Freedom in the World 2004 - Cambodia
|Publication Date||18 December 2003|
|Cite as||Freedom House, Freedom in the World 2004 - Cambodia, 18 December 2003, available at: http://www.refworld.org/docid/473c547ec.html [accessed 21 August 2017]|
|Disclaimer||This is not a UNHCR publication. UNHCR is not responsible for, nor does it necessarily endorse, its content. Any views expressed are solely those of the author or publisher and do not necessarily reflect those of UNHCR, the United Nations or its Member States.|
Political Rights: 6
Civil Liberties: 5
Status: Not Free
Life Expectancy: 56
Religious Groups: Theravada Buddhist (95 percent), other (5 percent)
Ethnic Groups: Khmer (90 percent), Vietnamese (5 percent), Chinese (1 percent), other (4 percent)
Capital: Phnom Penh
Cambodia's ruling party was forced to form a coalition government with two smaller parties after failing to win the two-thirds majority of seats in the July 2003 parliamentary elections needed by law to form a government on its own. The election campaign was marred by unequal media access and accusations of voter intimidation. Despite gains by his political rivals, autocratic Prime Minister Hun Sen, 51, seems poised to continue his dominance over this impoverished Southeast Asian nation for the foreseeable future.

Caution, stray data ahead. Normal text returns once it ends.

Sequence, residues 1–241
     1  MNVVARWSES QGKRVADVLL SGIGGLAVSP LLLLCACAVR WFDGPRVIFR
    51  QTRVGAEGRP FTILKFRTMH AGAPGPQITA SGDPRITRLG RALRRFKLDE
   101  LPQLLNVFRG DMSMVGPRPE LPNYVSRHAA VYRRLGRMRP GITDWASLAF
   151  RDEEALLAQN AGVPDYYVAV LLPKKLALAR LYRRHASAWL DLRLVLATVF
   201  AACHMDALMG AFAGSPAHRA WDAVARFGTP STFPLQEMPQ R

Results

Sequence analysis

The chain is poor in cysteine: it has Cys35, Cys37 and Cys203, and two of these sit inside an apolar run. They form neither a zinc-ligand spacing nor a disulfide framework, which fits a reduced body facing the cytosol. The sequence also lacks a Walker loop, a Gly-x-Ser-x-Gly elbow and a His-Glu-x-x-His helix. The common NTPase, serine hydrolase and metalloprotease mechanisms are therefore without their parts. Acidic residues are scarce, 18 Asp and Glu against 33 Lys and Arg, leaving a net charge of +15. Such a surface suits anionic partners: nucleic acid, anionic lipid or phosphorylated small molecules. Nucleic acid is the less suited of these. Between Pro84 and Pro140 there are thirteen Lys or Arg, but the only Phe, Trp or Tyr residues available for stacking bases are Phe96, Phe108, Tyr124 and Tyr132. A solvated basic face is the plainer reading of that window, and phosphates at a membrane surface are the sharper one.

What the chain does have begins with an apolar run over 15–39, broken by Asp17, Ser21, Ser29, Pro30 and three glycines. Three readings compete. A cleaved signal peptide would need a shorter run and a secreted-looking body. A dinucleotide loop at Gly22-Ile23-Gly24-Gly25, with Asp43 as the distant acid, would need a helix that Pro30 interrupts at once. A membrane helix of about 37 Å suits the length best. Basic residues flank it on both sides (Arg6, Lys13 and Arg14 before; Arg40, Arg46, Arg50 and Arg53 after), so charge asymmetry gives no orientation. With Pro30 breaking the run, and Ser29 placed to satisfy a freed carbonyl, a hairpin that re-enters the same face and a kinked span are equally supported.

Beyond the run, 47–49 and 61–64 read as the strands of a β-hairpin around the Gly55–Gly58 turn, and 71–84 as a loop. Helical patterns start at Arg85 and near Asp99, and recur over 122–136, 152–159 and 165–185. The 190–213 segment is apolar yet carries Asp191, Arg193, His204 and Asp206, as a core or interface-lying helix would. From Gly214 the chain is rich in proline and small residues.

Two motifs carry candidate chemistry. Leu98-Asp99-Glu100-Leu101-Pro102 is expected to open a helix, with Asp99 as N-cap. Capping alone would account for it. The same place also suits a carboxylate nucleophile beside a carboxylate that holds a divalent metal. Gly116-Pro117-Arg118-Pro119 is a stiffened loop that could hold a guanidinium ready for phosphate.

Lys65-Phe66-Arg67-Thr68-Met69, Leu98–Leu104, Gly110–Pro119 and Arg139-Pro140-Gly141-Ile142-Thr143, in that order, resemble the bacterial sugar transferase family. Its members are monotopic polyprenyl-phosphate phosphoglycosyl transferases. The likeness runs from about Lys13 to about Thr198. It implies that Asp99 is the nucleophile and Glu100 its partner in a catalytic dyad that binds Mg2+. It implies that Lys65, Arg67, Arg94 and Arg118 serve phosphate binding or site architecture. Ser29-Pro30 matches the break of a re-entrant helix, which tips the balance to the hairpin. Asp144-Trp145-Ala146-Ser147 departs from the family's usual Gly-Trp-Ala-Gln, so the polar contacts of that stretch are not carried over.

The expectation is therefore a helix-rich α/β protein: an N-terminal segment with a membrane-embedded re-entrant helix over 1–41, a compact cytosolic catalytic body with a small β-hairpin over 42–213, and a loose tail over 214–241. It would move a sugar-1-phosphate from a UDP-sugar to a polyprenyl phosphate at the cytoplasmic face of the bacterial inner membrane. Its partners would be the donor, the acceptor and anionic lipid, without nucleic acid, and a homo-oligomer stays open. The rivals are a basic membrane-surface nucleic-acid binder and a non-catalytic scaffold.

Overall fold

After winning independence from France in 1953, Cambodia was ruled by King Norodom Sihanouk in the 1950s and 1960s, the U.S.-backed Lon Nol regime in the early 1970s, and the Chinese-supported Khmer Rouge, which seized Phnom Penh in 1975 after several years of fighting. Under the Maoist Khmer Rouge, at least 1.7 million of Cambodia's 7 million people died by disease, overwork, starvation, or execution. In 1979, neighboring Vietnam toppled the Khmer Rouge and installed a Communist regime.
Civil strife continued in the 1980s, as the Hanoi-backed government fought the allied armies of Sihanouk, the Khmer Rouge, and a former premier, Son Sann. Hun Sen, a onetime Khmer Rouge cadre, emerged as the regime's strongman in the early 1980s. An internationally brokered pact in 1991 formally ended the conflict and put Cambodia on the path to multiparty elections, although the Khmer Rouge continued to wage a low-grade insurgency from the jungle.
Cambodia's first free parliamentary elections, in 1993, were won by a royalist party, known as Funcinpec after its French acronym. Its leader, Prince Norodom Ranariddh, a son of Sihanouk's, apparently capitalized on nostalgia among many voters for the stability that Cambodia enjoyed under the monarchy in the 1960s. Following the vote, Hun Sen used his control over the security forces to coerce Funcinpec into sharing power with his Cambodian People's Party (CPP).